My Path to Freethought: Heidi Reynolds-Stenson

By Heidi Reynolds-Stenson


Heidi Reynolds-Stenson

I was raised without religion. My parents, both freethinkers, didn’t want to indoctrinate my sisters and me and left us to decide for ourselves what we believed. Aside from a few rare occasions when staying with friends or relatives, I never set foot in a church growing up. I had little exposure to Christianity until I started attending elementary school, where other children were very vocal about what their parents had been teaching them. The community where I went to school was very conservative and very Christian, so many of my childhood friends and classmates were raised in strict religious homes and were glad to tell me about what I was missing out on. On the playground and in class, they would reiterate (often incorrectly) things they had been told about Jesus and the bible.

Other kids often asked me whether or not I was “saved”–a question that always confused me. The first time I was asked this, I answered, “Of course, I mean I’m fine, but saved from what?” Once the kids explained it to me, I began to understand that there was some sort of clandestine secret society that I was not a part of and had hitherto not realized existed. And those accepted into this club proudly bore the label “saved.” I asked one of my friends how one would go about getting saved (like any young kid, I wanted to be let into this elite group). She told me I needed to be baptized, and after she explained the ritual this entailed, I told her that maybe I was in fact saved. After all, I couldn’t remember back to my infancy.

Around age seven, I was sitting in a waiting room at the doctor’s office and I picked up a Children’s Bible. The preface spoke of the tragedy in modern society in which fewer and fewer parents were teaching their children about the bible. As I read on, I became upset that my parents had never told me about any of this. I was beginning to suspect that Christianity was the key to understanding the world (after all, this is what everyone kept telling me), and I was concerned that my parents would deprive me of such an important piece of information. So I confronted them about it, asking why they’d never told me the truth, why they never baptized me or took me to church, why we didn’t say grace like all my other friends’ families. They explained to me that everyone had their own beliefs and that I shouldn’t automatically accept Christianity as truth.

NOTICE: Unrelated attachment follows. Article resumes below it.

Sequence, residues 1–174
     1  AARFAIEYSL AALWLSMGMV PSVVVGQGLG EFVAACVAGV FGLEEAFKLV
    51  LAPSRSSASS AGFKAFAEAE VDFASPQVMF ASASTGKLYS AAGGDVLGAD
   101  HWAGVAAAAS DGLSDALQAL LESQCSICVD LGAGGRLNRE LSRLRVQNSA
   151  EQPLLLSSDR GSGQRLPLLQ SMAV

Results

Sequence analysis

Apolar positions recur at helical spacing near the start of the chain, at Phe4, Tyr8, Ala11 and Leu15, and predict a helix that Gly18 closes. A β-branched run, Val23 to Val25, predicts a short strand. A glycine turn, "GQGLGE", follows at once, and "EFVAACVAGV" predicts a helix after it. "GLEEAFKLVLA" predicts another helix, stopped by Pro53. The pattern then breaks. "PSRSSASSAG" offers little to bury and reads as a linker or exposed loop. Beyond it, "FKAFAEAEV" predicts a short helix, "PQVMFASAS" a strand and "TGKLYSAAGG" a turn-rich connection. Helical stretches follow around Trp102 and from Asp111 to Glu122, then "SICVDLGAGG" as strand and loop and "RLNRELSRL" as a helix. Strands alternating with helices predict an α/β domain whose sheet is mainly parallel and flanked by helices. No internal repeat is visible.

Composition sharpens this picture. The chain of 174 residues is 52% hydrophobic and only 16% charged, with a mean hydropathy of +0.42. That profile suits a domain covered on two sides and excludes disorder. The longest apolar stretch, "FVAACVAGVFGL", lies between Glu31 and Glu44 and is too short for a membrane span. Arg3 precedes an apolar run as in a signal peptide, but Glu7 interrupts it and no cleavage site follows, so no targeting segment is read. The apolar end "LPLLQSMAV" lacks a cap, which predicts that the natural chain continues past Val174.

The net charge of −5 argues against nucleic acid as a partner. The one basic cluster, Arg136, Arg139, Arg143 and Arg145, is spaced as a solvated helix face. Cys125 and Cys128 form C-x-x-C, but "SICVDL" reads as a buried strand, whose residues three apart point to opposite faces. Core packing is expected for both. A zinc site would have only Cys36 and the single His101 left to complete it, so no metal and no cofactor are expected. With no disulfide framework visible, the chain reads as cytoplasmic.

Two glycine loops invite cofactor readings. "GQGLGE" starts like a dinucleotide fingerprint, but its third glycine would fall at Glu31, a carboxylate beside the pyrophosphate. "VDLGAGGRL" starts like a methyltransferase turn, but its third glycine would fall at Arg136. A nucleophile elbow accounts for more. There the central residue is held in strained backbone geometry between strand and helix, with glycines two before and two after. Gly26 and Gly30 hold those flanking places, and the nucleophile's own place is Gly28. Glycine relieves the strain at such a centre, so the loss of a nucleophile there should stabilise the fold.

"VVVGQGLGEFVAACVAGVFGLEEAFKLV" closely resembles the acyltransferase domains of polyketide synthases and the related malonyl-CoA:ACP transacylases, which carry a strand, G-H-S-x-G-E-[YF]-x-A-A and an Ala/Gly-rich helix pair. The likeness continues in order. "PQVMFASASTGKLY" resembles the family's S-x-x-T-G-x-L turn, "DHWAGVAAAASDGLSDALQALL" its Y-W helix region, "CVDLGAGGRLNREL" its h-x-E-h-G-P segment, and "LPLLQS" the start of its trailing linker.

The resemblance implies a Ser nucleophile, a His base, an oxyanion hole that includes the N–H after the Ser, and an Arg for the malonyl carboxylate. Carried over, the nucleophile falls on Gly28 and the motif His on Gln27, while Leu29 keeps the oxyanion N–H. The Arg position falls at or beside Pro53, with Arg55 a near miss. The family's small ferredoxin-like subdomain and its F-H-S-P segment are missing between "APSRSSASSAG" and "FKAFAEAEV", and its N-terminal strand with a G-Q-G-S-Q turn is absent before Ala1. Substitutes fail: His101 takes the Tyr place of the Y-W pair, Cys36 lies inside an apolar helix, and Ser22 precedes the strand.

I tried to view my ultra-Christian surroundings in this light, but it was difficult to resist all the tactics used by religious groups and churches to recruit me. In junior high school, I ended up getting roped into going to some social event put on by a Baptist church and soon the church members were calling me to make sure that I’d be at the service the coming Sunday. I liked the feeling of community that I got from attending service and other functions and, although still very skeptical, I was willing to suspend my disbelief and explore the possibility of the existence of God. I remember praying for some sort of sign so I’d know it was all real.

But, of course, this sign never came and I began to feel like an impostor whenever I went to church. I was always scared that “they” were going to find out that I didn’t believe in any of what they were saying. I grew sick of living this life and so I stopped showing up at service, small group meetings, and weekend retreats and all the other events that had filled my life. It was difficult leaving the social network I had there, and I always felt a little awkward whenever I saw people from the congregation (which was daily because this was the most popular church in my town). In the hallways of school, the aisles at the grocery store or in messages left on my answering machine, they were always asking me why they hadn’t seen me at church lately and asking me to come back.